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Raise the Green Lantern, Health Care Edition

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Doubling down on her contrarian take on the Supreme Court and the PPACA, Marcia Angell provides as undiluted a version of the BULLY PULPIT fallacy as we’re likely to see:

On July 22, 2009, Obama said in a press conference, “Now, the truth is that unless you have what’s called a single-payer system in which everybody is automatically covered, then you’re probably not going to reach every single individual.” Bingo. Too bad he didn’t hang on to that insight, and use his rhetorical skills to make the case strongly to the American public. If he had fought for single-payer health care at the beginning of his administration, while he had both houses of Congress, and mobilized public opinion behind it, he might have made it. After all, the only thing members of Congress need more than industry money is votes.

Other than the fact there’s absolutely no evidence that presidents can change public opinion in this way, and the fact that Bayh, Nelson, Lieberman, etc. do not in fact need “votes more than money” since they’re not running for anything (and who thinks that winning votes and money are entirely unconnected anyway?) — hard to see any problems with this plan. I mean, this “going public” strategy sure worked well for Clinton, and Obama’s rhetorical skills sure did make the PPACA immensely popular.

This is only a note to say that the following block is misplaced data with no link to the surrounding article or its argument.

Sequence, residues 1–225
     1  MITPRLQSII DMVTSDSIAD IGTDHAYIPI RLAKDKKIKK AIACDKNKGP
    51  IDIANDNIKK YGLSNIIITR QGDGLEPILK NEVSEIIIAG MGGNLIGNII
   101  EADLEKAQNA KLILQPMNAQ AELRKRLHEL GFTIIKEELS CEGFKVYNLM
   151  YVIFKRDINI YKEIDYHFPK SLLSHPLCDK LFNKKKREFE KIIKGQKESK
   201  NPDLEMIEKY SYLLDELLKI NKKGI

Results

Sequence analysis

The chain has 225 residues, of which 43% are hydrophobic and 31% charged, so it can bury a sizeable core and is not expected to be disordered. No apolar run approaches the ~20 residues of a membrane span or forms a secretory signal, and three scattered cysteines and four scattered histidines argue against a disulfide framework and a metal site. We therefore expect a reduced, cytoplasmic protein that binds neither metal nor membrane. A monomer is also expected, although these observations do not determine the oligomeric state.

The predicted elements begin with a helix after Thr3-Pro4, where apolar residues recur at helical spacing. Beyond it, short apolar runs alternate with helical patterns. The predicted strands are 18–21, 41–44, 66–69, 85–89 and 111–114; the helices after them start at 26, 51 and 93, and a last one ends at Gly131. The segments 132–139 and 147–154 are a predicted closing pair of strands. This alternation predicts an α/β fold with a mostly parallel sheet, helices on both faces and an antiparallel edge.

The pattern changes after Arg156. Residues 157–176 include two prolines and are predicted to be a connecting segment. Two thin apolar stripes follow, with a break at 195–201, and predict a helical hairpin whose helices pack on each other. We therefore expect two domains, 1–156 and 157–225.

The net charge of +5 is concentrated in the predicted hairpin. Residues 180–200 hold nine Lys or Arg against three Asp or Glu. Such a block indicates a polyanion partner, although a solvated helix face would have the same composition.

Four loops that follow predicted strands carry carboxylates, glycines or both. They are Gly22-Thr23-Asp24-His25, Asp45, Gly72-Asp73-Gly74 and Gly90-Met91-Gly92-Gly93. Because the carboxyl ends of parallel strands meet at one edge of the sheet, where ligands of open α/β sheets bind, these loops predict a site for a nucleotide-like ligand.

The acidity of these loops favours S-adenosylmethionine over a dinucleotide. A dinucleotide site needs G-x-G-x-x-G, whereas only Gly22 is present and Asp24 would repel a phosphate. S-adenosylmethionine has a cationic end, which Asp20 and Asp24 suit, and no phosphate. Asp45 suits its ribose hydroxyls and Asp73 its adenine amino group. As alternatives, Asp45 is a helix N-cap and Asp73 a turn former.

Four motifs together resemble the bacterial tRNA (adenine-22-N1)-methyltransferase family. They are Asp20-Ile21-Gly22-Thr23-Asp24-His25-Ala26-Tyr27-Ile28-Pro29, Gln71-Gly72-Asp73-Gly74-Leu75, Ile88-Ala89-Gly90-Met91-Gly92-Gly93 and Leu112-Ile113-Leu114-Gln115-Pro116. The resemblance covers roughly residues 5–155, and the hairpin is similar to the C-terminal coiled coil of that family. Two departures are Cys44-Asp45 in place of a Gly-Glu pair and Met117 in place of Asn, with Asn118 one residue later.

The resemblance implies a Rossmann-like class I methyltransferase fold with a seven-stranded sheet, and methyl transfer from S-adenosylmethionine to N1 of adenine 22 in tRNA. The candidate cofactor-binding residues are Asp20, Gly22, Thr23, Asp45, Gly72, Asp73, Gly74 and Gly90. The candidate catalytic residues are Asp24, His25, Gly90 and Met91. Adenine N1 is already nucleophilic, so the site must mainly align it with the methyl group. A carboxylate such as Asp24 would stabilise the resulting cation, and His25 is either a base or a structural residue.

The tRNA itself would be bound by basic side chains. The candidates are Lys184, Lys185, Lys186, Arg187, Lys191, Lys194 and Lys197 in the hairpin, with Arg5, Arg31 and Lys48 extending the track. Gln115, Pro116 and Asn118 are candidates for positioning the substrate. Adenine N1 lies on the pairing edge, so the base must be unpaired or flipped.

The strangest thing about this kind of BULLY PULPIT argument is that people who seem to consider themselves tough-minded leftists have beliefs about American political institutions that are like caricatures of the most naive 1950s-style pluralists. I’m amazed anybody who considers themselves to have a critical attitude towards the status quo could implicitly deny that “[t]he flaw in the pluralist heaven is that the heavenly chorus sings with a strong upper-class accent.” I’m also frustrated that getting a rational health care policy in the United States isn’t viable, but “forgetting” that hegemony exists is not actually going to facilitate change, and to the extent that it requires passing up opportunities to pass useful reform measures it actually makes things worse. Plans to transform American domestic politics that involve heroic presidential daddies imposing major social change on powerful interests by sheer force of will are indistinguishable from having no plan at all.

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